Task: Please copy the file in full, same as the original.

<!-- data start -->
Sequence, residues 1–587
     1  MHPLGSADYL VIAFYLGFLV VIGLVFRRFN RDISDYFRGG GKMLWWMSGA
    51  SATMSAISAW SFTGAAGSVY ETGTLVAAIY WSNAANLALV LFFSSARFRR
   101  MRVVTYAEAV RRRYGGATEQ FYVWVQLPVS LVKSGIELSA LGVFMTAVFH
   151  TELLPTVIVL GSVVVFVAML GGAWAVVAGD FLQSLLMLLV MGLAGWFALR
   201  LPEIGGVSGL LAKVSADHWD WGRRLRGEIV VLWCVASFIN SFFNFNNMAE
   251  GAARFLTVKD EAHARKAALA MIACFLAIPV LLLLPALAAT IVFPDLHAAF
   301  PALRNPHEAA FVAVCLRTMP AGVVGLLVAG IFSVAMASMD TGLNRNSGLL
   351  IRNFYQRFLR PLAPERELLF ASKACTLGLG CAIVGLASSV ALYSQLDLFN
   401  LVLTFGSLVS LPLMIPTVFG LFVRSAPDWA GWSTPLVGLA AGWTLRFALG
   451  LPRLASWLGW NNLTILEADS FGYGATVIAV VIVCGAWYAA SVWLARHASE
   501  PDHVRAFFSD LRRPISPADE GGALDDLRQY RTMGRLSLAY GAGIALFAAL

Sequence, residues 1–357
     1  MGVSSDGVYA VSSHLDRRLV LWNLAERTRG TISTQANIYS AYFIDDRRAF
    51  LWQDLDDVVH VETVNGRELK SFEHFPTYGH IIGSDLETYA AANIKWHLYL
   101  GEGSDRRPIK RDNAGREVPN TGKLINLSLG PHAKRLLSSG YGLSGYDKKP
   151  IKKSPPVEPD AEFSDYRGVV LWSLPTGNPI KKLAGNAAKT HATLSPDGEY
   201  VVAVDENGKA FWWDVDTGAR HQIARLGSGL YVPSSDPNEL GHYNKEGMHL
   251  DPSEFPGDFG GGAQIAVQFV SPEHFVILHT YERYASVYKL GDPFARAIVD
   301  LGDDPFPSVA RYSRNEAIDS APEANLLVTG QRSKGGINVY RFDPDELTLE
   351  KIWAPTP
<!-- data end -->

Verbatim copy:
Sequence, residues 1–587
     1  MHPLGSADYL VIAFYLGFLV VIGLVFRRFN RDISDYFRGG GKMLWWMSGA
    51  SATMSAISAW SFTGAAGSVY ETGTLVAAIY WSNAANLALV LFFSSARFRR
   101  MRVVTYAEAV RRRYGGATEQ FYVWVQLPVS LVKSGIELSA LGVFMTAVFH
   151  TELLPTVIVL GSVVVFVAML GGAWAVVAGD FLQSLLMLLV MGLAGWFALR
   201  LPEIGGVSGL LAKVSADHWD WGRRLRGEIV VLWCVASFIN SFFNFNNMAE
   251  GAARFLTVKD EAHARKAALA MIACFLAIPV LLLLPALAAT IVFPDLHAAF
   301  PALRNPHEAA FVAVCLRTMP AGVVGLLVAG IFSVAMASMD TGLNRNSGLL
   351  IRNFYQRFLR PLAPERELLF ASKACTLGLG CAIVGLASSV ALYSQLDLFN
   401  LVLTFGSLVS LPLMIPTVFG LFVRSAPDWA GWSTPLVGLA AGWTLRFALG
   451  LPRLASWLGW NNLTILEADS FGYGATVIAV VIVCGAWYAA SVWLARHASE
   501  PDHVRAFFSD LRRPISPADE GGALDDLRQY RTMGRLSLAY GAGIALFAAL

Sequence, residues 1–357
     1  MGVSSDGVYA VSSHLDRRLV LWNLAERTRG TISTQANIYS AYFIDDRRAF
    51  LWQDLDDVVH VETVNGRELK SFEHFPTYGH IIGSDLETYA AANIKWHLYL
   101  GEGSDRRPIK RDNAGREVPN TGKLINLSLG PHAKRLLSSG YGLSGYDKKP
   151  IKKSPPVEPD AEFSDYRGVV LWSLPTGNPI KKLAGNAAKT HATLSPDGEY
   201  VVAVDENGKA FWWDVDTGAR HQIARLGSGL YVPSSDPNEL GHYNKEGMHL
   251  DPSEFPGDFG GGAQIAVQFV SPEHFVILHT YERYASVYKL GDPFARAIVD
   301  LGDDPFPSVA RYSRNEAIDS APEANLLVTG QRSKGGINVY RFDPDELTLE
   351  KIWAPTP